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Home / India / Govt issues norms for Covid care centres at residential complexes

Facilities aimed at patients with no or mild symptoms

Govt issues norms for Covid care centres at residential complexes

Move aimed at lightening burden on healthcare infrastructure
Health workers arrange samples for Covid-19 rapid antigen testing in New Delhi on Saturday.
Health workers arrange samples for Covid-19 rapid antigen testing in New Delhi on Saturday.
PTI

G.S. Mudur   |   New Delhi   |   Published 19.07.20, 03:42 AM

The Union health ministry has specified the equipment, material and human resources that urban gated residential complexes or residential societies will require to establish small care centres for Covid-19 patients with no symptoms or very mild symptoms.

Such Covid-19 care centres “may be more acceptable to residents and will help reduce the burden on existing facilities for managing suspect, pre-symptomatic, asymptomatic or very mild Covid-19 cases”, the ministry has said.

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The guidelines, released on Friday, come amid a continued growth of the epidemic, with declines in new cases in some locations offset by surges at others.

India recorded 34,884 new cases on Saturday, raising the total number of lab-confirmed Covid-19 patients to 1,038,716, of whom 358,692 are under medical supervision, 653,751 have recovered and 26,273 have died.

The health ministry had earlier this year recommended home isolation for asymptomatic patients and patients with very mild symptoms, but only if their homes and household sizes lent themselves to appropriate isolation for them and the quarantine of other household members.

The new guidelines for care centres within residential societies could be used either by residents’ welfare associations (RWAs) or by non-government organisations looking to establish such centres, the health ministry said.

The care centres are intended to be makeshift facilities in community halls or common utility areas, or within the premises of a residential complex, or in empty flats that are isolated from the rest of the occupied building.

Such facilities are not meant for the elderly, children aged below 10 years, pregnant or lactating women, or patients with underlying health disorders such as diabetes, cardiovascular diseases, high blood pressure or chronic respiratory disease.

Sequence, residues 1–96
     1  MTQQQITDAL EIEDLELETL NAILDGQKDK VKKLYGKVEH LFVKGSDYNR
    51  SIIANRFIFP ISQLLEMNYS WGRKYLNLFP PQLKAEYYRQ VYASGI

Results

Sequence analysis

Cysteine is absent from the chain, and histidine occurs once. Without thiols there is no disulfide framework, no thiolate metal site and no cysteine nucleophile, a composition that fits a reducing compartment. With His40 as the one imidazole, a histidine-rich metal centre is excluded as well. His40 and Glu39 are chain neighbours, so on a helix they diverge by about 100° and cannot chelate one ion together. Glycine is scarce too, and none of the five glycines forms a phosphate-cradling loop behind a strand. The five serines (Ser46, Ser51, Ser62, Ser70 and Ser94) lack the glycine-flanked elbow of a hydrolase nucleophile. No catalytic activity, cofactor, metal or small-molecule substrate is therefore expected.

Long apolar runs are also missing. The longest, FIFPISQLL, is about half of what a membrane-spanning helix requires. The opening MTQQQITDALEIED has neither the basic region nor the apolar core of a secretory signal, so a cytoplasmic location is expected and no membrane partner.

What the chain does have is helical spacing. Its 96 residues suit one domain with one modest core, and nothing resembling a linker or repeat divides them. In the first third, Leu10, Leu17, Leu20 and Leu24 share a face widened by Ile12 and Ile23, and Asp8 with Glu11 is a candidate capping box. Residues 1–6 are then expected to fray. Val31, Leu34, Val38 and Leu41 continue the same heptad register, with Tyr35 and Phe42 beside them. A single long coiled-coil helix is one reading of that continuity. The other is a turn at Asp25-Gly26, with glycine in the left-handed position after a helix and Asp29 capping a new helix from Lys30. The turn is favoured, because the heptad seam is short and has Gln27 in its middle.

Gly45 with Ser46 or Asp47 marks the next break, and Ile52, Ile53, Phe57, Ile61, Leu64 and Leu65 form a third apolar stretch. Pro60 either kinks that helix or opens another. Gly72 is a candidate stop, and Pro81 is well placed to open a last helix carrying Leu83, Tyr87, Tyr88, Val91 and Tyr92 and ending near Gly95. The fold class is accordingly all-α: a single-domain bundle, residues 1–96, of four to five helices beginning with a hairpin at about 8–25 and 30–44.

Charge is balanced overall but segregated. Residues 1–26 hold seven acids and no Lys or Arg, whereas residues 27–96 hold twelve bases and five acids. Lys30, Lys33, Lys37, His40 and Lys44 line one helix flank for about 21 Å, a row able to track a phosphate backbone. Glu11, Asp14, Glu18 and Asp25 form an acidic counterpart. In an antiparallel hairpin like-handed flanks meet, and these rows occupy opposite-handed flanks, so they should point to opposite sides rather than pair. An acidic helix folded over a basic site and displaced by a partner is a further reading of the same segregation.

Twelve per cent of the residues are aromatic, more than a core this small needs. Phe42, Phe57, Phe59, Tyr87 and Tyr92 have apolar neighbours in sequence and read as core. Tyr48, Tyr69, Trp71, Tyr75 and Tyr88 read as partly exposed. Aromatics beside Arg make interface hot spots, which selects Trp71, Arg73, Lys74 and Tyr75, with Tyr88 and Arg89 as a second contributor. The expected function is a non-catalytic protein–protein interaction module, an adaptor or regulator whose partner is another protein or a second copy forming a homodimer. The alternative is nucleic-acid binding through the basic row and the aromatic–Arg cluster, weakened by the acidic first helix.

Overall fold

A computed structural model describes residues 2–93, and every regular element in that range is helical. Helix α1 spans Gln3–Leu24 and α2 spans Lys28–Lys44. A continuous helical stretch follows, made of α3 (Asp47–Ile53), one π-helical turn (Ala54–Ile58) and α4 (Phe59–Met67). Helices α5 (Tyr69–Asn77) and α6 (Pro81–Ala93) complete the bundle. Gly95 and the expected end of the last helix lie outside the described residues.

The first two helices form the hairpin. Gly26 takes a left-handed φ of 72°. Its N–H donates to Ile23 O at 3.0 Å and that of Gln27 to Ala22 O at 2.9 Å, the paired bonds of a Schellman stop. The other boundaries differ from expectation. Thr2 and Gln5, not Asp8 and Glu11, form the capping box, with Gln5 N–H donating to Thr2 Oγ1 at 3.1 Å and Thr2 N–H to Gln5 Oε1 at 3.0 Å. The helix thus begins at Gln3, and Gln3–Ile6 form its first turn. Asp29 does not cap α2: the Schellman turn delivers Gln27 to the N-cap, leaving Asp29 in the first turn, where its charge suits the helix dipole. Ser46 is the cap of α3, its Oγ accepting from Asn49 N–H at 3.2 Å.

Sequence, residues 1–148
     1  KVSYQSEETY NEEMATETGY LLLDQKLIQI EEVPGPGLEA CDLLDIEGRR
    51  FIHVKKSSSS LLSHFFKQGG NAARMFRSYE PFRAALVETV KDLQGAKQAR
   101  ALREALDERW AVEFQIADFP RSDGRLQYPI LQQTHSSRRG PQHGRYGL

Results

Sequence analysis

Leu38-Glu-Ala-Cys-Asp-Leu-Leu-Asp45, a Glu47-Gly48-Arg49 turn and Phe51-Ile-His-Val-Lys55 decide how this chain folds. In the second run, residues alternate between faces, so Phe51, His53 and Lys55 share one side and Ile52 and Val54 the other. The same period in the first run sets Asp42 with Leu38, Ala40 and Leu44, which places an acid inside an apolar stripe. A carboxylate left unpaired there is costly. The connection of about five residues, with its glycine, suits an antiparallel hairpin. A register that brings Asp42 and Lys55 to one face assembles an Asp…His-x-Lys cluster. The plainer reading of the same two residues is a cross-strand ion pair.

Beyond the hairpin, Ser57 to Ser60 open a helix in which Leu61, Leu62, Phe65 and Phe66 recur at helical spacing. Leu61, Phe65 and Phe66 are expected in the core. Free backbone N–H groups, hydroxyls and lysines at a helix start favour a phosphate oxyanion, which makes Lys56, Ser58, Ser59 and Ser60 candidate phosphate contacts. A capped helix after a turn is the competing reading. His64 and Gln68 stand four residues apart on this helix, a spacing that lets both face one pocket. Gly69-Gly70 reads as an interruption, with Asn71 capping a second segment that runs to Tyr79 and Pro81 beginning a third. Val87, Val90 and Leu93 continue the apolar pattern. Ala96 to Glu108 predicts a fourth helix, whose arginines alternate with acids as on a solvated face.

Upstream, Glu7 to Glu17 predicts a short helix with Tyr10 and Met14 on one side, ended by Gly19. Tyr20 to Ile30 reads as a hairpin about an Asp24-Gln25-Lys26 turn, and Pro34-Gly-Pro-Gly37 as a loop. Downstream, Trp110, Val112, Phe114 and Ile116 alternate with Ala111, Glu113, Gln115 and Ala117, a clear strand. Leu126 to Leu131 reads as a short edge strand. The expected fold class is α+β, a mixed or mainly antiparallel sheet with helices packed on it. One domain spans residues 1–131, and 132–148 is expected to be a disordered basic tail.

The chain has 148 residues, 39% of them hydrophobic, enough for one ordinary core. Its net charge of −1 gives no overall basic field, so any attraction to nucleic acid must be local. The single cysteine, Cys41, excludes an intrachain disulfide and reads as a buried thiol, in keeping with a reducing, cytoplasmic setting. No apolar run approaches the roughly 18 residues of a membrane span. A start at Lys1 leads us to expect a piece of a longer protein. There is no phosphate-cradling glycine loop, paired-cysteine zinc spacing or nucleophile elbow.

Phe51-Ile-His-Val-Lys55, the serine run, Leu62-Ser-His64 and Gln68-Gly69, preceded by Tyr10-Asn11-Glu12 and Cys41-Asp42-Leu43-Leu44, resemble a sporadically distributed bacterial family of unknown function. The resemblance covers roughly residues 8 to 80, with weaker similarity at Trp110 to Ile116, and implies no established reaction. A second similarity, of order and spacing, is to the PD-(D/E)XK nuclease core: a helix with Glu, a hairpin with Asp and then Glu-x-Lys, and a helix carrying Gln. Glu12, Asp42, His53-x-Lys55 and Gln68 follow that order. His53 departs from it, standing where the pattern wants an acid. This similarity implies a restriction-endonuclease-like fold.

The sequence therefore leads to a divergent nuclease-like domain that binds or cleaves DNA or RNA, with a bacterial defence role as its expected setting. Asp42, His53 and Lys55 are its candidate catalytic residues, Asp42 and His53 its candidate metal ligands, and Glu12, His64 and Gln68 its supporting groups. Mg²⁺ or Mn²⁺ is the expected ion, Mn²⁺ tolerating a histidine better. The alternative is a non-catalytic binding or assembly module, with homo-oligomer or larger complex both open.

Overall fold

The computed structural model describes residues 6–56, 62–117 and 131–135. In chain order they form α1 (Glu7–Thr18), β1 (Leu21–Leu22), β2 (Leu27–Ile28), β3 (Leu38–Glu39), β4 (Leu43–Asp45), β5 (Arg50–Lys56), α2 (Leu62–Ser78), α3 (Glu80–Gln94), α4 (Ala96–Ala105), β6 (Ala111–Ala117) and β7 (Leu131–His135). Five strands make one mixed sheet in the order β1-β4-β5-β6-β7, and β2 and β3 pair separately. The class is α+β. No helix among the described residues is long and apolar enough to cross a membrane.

A doctor residing within the gated complex or facilitated by the NGO would need to be available daily to examine the patients admitted to the care centres, the guidelines specify.

Among the equipment the ministry has specified for these care centres are oxygen cylinders, pulse oximeters, oxygen delivery tubes and face masks apart from the standard protective kits.

Residents in some housing societies and gated complexes in large cities like Mumbai and Delhi had for weeks discussed the option of procuring oxygen cylinders and setting up Covid-19 care centres.

But some doctors have cautioned that any such move would require adequate medical supervision.

“People can buy cylinders but they would need qualified healthcare workers to monitor the patients and refer them to hospitals if their symptoms deteriorate,” said Shikha Panwar, a critical-care medicine specialist in Faridabad, Haryana, who is treating Covid-19 patients.

“Such residential-society-based care centres may lead to a false sense of security — we might miss the early stages of the illness where we can change the course through anti-viral medications such as remdesivir.”

The RWAs or NGOs would need to designate a caregiver to provide care to the patients.

Both the doctor and the caregiver would need to undergo online training for Covid-19 management, infection prevention and control through a government-approved course.

The care centres should have a separate entry and exit. Among other requirements, the beds for patients would need to be separated by at least one metre from one another, and the areas for suspect cases and confirmed cases should be partitioned from each other.

Patients admitted to such care centres would need to be shifted to government-authorised Covid-19 hospitals, through an ambulance support service, if they show signs of serious illness.

Signs of serious illness include difficulty in breathing, a respiratory rate above 24 breaths per minute, oxygen saturation levels below 95 per cent, and pain or pressure in the chest, among other symptoms.

Doctors have also cautioned that the handling and isolation of infectious waste is a complex task and not easily done without appropriate training. “Home isolation might actually be better,” Panwar said.



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